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Portal:Society

Portal:Society

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Ant (formicidae) social ethology

Ant (formicidae) social ethology

A society is a group of individuals involved in persistent social interaction, or a large social group sharing the same spatial or social territory, typically subject to the same political authority and dominant cultural expectations. Societies are characterized by patterns of relationships (social relations) between individuals who share a distinctive culture and institutions; a given society may be described as the sum total of such relationships among its constituent of members. In the social sciences, a larger society often exhibits stratification or dominance patterns in subgroups.

Societies construct patterns of behavior by deeming certain actions or speech as acceptable or unacceptable. These patterns of behavior within a given society are known as societal norms. Societies, and their norms, undergo gradual and perpetual changes.

Insofar as it is collaborative, a society can enable its members to benefit in ways that would otherwise be difficult on an individual basis; both individual and social (common) benefits can thus be distinguished, or in many cases found to overlap. A society can also consist of like-minded people governed by their own norms and values within a dominant, larger society. This is sometimes referred to as a subculture, a term used extensively within criminology, and also applied to distinctive subsections of a larger society.

More broadly, and especially within structuralist thought, a society may be illustrated as an economic, social, industrial or cultural infrastructure, made up of, yet distinct from, a varied collection of individuals. In this regard society can mean the objective relationships people have with the material world and with other people, rather than "other people" beyond the individual and their familiar social environment. (Full article...)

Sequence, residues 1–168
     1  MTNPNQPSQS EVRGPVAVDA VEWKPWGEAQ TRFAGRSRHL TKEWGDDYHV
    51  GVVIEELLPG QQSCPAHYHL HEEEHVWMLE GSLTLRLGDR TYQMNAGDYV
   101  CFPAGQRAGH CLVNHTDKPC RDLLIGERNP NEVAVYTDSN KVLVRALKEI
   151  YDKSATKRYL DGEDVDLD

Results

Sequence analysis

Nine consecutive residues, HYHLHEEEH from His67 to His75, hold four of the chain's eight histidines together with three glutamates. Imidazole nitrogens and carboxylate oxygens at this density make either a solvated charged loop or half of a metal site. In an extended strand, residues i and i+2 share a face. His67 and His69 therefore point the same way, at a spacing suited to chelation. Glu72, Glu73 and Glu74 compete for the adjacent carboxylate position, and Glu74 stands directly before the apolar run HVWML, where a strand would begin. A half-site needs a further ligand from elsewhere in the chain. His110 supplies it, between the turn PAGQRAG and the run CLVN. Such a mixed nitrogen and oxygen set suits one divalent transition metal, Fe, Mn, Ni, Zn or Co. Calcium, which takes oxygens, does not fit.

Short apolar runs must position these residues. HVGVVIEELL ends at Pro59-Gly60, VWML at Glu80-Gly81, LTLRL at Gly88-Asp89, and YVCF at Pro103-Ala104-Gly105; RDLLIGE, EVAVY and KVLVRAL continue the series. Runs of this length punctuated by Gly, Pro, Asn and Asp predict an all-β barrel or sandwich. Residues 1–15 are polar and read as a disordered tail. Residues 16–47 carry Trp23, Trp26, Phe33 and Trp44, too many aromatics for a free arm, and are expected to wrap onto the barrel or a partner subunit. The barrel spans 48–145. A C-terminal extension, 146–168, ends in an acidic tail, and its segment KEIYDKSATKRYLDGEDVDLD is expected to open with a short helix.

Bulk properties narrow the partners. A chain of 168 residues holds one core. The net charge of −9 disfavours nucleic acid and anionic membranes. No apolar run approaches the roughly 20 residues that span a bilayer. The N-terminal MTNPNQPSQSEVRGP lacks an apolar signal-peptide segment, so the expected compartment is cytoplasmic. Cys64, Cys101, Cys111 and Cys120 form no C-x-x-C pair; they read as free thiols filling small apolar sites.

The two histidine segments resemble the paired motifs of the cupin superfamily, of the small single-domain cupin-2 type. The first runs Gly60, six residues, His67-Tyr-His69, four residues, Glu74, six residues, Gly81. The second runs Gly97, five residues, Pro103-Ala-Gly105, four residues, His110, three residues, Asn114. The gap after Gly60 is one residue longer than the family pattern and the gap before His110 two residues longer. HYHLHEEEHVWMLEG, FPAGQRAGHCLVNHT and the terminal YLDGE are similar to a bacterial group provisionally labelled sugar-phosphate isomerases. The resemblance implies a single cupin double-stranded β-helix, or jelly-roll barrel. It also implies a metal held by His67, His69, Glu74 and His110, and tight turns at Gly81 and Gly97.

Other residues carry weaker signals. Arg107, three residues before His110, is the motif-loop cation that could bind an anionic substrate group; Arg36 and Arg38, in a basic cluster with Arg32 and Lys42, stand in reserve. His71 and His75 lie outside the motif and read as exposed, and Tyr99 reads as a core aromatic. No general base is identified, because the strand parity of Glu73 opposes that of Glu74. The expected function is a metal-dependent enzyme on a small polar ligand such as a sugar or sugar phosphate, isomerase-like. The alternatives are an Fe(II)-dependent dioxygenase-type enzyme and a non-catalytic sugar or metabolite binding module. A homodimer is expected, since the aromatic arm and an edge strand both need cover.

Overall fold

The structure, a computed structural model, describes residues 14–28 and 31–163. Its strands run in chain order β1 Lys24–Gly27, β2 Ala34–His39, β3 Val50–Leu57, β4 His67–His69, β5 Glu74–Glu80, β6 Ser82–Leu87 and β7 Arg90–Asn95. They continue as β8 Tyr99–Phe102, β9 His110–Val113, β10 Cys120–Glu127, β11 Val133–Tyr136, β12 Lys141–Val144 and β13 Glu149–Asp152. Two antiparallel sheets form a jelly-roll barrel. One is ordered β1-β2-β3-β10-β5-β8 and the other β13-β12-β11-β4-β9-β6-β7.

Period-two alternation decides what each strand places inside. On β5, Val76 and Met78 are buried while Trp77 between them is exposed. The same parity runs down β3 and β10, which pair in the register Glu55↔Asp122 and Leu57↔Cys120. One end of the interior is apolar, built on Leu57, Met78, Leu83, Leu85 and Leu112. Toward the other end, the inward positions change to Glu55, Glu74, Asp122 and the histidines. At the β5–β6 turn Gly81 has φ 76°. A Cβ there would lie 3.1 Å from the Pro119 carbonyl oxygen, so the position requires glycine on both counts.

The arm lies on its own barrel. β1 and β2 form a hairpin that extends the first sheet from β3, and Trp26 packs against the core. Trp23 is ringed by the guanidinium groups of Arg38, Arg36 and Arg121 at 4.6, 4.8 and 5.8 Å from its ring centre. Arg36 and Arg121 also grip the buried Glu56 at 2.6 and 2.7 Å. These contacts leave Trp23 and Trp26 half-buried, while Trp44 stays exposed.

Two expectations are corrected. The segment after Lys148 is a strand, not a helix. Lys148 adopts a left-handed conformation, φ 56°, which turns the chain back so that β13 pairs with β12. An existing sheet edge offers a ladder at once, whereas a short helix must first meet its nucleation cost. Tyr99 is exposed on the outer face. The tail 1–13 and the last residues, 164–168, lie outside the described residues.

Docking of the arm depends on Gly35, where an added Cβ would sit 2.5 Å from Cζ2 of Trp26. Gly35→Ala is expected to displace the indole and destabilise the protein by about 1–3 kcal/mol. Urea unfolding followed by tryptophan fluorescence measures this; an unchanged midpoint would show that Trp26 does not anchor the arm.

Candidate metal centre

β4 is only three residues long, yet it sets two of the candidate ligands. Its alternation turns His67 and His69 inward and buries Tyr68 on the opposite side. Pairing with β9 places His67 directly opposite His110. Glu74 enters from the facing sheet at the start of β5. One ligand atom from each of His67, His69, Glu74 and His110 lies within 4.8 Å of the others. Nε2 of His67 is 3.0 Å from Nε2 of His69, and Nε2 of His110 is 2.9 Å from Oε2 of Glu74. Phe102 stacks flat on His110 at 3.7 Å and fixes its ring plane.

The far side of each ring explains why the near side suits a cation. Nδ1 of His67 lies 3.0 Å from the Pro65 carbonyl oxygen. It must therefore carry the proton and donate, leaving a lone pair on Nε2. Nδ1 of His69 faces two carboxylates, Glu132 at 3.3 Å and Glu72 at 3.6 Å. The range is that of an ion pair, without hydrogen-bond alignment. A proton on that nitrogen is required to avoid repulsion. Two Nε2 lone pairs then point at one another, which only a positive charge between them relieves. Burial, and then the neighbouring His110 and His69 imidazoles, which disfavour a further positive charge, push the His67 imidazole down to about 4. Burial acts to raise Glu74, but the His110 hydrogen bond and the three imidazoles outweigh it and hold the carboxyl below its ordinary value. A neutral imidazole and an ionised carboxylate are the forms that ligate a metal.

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The Three Bears
A fairy tale is a story featuring folkloric characters such as fairies, goblins, elves, trolls, giants, and talking animals, and usually enchantments. In cultures where demons and witches are perceived as real, fairy tales may merge into legendary narratives, where the context is perceived by teller and hearers as having historical actuality. However, unlike legends and epics they usually do not contain more than superficial references to religion and actual places, persons, and events; they take place once upon a time rather than in actual times. Fairy tales are found in oral folktales and in literary form. The history of the fairy tale is particularly difficult to trace, because only the literary forms can survive. Still, the evidence of literary works at least indicates that fairy tales have existed for thousands of years, although not perhaps recognized as a genre; the name "fairy tale" was first ascribed to them by Madame d'Aulnoy. Literary fairy tales are found over the centuries all over the world, and when they collected them, folklorists found fairy tales in every culture. Fairy tales, and works derived from fairy tales, are still written today.